What if the US debt ceiling talks fail

  • 04 Jun 2024
  • Read 6 mins read

Delay is bad, but default could be worse

The big worry in the global markets in the last few weeks has been; whether the US government will default on its debt when it comes up on 01st June 2023? Here is a quick rundown. The US debt ceiling of $34.1 trillion had been hit in January 2023 itself. However, the US government used emergency measures to stretch spending till May. However, the current treasury funds are unlikely to last beyond the end of May, so there must be a deal by 01 June 2023. Either, the Democrats and the Republicans must agree to hike the debt ceiling to allow the US government to borrow more. Alternatively, the US government has to scrap the debt ceiling altogether. Either way, 8 days is a short period of time and there could be a lot of chaos in markets till then.

 

Problem is that time is running out fast

Firstly, the debt deal itself will take time and there are just 8 days to go. Debt ceiling hike has to be approved by Congress and that takes time since the US Senate is currently out of session. The task of getting enough legislators to vote would be a logistical nightmare since there are just about 5 working days with 29th May being Memorial Day. The reading, vetting and clarifications on the bill take about 3 days, so the draft must be ready by 26th May, latest. Even after that is done, President Biden has to read the fine print and sign the bill.

If the US runs out of money without raising the debt ceiling; the government cannot borrow to pay for federal employees, military, social security, and Medicare. Even, interest on national debt and tax refunds would be held up. Janet Yellen has already dismissed the possibility of partial freeze since any freeze would be tantamount to default. Unlike in 1979, which was a pure technical default, this time around, it will be an intentional default.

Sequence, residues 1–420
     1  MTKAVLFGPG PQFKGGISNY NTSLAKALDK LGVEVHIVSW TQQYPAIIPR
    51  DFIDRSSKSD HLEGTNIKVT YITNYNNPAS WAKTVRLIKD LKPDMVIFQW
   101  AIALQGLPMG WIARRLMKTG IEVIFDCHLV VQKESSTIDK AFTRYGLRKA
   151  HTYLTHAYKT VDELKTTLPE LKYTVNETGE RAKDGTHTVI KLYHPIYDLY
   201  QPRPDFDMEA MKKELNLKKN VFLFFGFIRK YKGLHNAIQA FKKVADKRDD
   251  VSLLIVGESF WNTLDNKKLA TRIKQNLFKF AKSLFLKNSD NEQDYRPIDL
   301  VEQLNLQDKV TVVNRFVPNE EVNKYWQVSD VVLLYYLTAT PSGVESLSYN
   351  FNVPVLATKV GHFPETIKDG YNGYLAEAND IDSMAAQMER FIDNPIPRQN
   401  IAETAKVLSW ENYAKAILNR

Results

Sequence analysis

Where do Republicans and Democrats differ?

At the heart of the differences are the caps on government spending. Republicans want $4 trillion of budget cuts, but Democrats are only willing to accept short-term limits. Secondly, Republicans want to link receipt of food stamps, financial aid, and Medicaid to actively seeking work or enrolling in an education programme. Democrats feel that would be too unfair on people. Lastly, both parties also differ on the utilization of unspent COVID funds. Republicans want these funds back with the government but Republicans do not want to take chances, with the possibility of a relapse still there. It is this handful of differences that are holding up the deal

Yes, default will unleash chaos in global markets

A US debt default will have some immediate repercussions. Firstly, it is likely to slow the US economy. However, debt market veterans like Mohamed El-Erian, warn that a default could tip the US into recession. Secondly, a default would raise the risk premium for the US debt. Everything from government bonds to private debt to mortgages will have to pay sharply higher rates. Thirdly, this will spill over to other countries. If the US can default, then any other nation can surely default. Lastly, there is the dollar chaos in markets as the dollar could plummet and could make commodity pricing very difficult. Also, countries holding billions of dollars of US bonds could suddenly find their wealth depleted for no fault of theirs.

How will it hit Indian business?

In fact, the debt ceiling default could hit Indian companies in a number of ways. A weak dollar could lead to most EM currencies weakening sharply, including the Indian rupee. That would make foreign currency borrowings sharply more expensive. Exports and tech spending cuts are likely to hit sectors like textiles, IT, pharma, and chemicals. Above all, it could put the RBI in a policy dilemma, since this is the kind of eventuality that financial markets would be the least prepared for. 

Content Source: Bloomberg.com